As the pandemic continues to affect mental health in UK populations, medical device company Flow Neuroscience has seen an 80% increase in demand for its accessible depression treatment in 2021 compared to the previous year.
Flow helps patients to manage their depression at home by providing a brain stimulation headset that uses transcranial direct current stimulation (tDCS) combined with a behavioural therapy treatment app.
tDCS, a long-validated technique used in treating depression, is a form of neuromodulation that uses constant, low current delivered via electrodes on the head. The headset works by stimulating parts of the brain that are underactive in those with depression. At the same time, users interact with the Flow behavioural therapy app which improves areas known to have an impact on depression, including sleep and nutrition.
Flow’s internal data indicates that the effect of having limited access to mental health services, as well as people shying away from face-to-face meetings, has resulted in an 80% increase in the adoption for the at-home depression treatment. Flow’s user base currently stretches across 30 countries, including the whole of Europe, Brazil and Hong Kong.
Latest reports confirm that the pandemic has had a lasting impact on mental health as depression rates increase. According to the Office for National Statistics, one in five adults in the UK was experiencing depressive symptoms in early 2021. This is more than double the figure seen before the pandemic, with younger populations and women amongst some of the most affected. NHS mental health services are now reported to be at breaking point, highlighting the need for alternative accessible treatments.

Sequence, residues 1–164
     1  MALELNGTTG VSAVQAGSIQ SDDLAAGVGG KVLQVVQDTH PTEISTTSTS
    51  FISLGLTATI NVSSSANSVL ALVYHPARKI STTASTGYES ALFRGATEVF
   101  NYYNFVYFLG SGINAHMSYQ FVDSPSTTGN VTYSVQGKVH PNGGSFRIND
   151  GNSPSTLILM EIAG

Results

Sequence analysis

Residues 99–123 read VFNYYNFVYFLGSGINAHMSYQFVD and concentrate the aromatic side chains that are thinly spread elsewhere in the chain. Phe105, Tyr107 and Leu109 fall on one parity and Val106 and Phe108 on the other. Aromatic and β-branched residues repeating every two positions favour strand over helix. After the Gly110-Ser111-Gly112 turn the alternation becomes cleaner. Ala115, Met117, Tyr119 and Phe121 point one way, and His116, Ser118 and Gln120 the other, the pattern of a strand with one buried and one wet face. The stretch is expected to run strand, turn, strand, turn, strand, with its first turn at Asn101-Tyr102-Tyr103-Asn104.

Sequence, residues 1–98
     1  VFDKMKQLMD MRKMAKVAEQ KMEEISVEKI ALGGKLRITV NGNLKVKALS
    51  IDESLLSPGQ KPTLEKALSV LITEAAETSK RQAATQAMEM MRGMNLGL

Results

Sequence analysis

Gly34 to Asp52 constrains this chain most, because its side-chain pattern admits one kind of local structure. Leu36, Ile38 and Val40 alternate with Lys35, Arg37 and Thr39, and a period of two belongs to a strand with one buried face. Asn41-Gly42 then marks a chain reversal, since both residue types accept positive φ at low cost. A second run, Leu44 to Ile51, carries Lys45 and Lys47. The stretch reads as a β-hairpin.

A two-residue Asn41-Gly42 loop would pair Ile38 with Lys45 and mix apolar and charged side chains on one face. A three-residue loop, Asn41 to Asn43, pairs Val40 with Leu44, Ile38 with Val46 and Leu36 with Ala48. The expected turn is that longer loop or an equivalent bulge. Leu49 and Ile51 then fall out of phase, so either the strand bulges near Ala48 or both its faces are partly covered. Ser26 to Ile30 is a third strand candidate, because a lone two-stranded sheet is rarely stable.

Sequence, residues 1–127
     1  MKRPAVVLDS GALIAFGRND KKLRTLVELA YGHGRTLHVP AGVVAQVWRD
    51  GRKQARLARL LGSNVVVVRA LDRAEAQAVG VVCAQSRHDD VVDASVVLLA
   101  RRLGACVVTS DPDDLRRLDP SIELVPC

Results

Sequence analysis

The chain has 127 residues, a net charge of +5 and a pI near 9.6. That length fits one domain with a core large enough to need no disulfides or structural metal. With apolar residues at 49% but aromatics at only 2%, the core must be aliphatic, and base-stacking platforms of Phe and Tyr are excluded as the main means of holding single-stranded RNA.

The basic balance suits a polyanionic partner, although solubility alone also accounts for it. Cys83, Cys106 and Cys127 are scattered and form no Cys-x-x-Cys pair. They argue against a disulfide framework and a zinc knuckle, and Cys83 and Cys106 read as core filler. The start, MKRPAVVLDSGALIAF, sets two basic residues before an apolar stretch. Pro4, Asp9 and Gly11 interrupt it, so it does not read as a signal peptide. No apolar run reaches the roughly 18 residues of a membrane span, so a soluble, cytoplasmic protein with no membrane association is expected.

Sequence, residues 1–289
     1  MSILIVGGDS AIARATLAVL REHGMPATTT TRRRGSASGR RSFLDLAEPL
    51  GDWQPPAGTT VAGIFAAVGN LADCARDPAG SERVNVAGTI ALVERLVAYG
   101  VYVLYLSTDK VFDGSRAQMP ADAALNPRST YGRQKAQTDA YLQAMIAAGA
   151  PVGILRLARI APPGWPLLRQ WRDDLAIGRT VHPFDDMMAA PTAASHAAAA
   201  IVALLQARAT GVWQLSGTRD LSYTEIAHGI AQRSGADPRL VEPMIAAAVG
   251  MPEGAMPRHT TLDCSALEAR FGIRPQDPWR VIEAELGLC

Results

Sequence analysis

The Mental Health Crisis in Numbers
Flow’s statistics indicate that 31% of users have reported that they are currently in therapy and on antidepressants whilst they use Flow, highlighting the growing interest from patients in multi-approach care plans to support their specific needs.
Furthermore, users of Flow are reporting that their mental health is impeding their ability to work, with 35% currently on sick leave. This has a profound impact both personally and economically for people handling mental illness in the wake of the pandemic.
Striving For Faster Treatment and Personalised Care
Many efforts are focused on addressing this growing demand for mental healthcare. The National Health Service is striving to meet the need for access with new proposals to improve waiting times and different treatment options to be offered as standard care for those with milder cases of depression. Flow’s founders, Daniel Månsson and Erik Rehn, decided to offer the Flow treatment for free for the first month in response to the impact of the pandemic.
“At Flow, we understand the importance of providing a rapid response to depressive symptoms as they occur. Equally, we know that finding a treatment that effectively reduces depressive symptoms is a very personal journey, and there is no silver bullet. Trying options, from different medications to therapy, is important but can take a long time.
“We believe in fair healthcare, which in our particular case means try before committing, offering the first month of treatment for free. Most people who respond to the Flow treatment will experience a reduction in their depressive symptoms during this period; however, depression is a complicated disease. As such, it is important people have access to evaluate treatments, and if they do not respond to a treatment, like Flow, they should not incur any costs.
To further improve access on a global scale, Flow is currently working towards reimbursement of their treatment with healthcare systems and health insurance providers across Europe and the UK to continue making tDCS treatment accessible outside of clinic settings.
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